On Monday, June 3rd, councilmember Huizar announced his support for the implementation of buffered bike lanes along Colorado Boulevard during a public meeting held at the Eagle Rock Center for the Arts. Staff at Council District 14 report over 200 people signed in at the entrance to the community event and about 80 stakeholders filled out speaker cards to voice their opinions regarding the specific design proposals. Feedback to the presented proposal was largely positive though some understandably expressed concerns over impact to peak-hour travel times. Several media outlets were in attendance, as well; the Eagle Rock Patch, Fox 11, LA Streetsblog, and The Eastsider LA have all provided coverage and commentary on the meeting.
Based on community input over the several past months, the current proposal for Colorado Boulevard includes more than mere bike lanes. At about 80% completion, the design for the street includes:
- buffered bike lanes from Lockhaven Avenue to Wiota Street
- additional crosswalks at Glen Iris Avenue and El Rio Avenue
- rectangular rapid flashing beacons at the existing marked crosswalk at Hermosa Avenue
- speed feedback signs on the approaches to Dahlia Heights Elementary
- reconfigured approaches to the 134 freeway entrance/exit and “the Y” (where Broadway splits off from Colorado Blvd. on the western end of the corridor) to simplify lane assignments and discourage weaving patterns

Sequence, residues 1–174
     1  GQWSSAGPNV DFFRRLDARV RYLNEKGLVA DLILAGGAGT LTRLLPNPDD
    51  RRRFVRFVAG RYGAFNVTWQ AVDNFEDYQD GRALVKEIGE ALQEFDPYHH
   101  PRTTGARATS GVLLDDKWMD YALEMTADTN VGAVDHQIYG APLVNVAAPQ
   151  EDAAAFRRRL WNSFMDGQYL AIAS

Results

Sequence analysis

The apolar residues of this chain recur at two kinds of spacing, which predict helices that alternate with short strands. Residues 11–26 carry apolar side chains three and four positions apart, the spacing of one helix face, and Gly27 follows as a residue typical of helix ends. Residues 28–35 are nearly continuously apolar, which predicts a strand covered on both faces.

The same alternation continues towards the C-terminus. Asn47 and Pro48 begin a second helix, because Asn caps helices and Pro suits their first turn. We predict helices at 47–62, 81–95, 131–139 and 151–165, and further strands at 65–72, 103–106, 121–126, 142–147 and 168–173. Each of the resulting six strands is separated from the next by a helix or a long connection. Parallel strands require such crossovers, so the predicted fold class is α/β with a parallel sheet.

- upgrading existing signalized pedestrian crosswalks to continental crosswalks
- striping adjustments along the existing median to provide additional room for left turn movements
The proposed changes are expected to improve safety for all road users while encouraging more walking and bicycling. Once implemented, sometime in August, the re-striping will likely be the second completed bike lane project in the city under the recently passed A.B. 2245 (after the Sunset Blvd. bus bike lanes), which exempts bike lane projects with traffic impacts from many of the requirements of the California Environmental Quality Act (Notice of Exemption, LADOT decision letter), as long as public hearings are held and traffic and safety impact studies are performed (report). While Colorado Blvd. has now been approved for the installation of bike lanes, additional meetings and outreach need to happen before N. Figueroa St. can be similarly approved.
If you would like to review the presentation that was given on Monday, it is embedded below:
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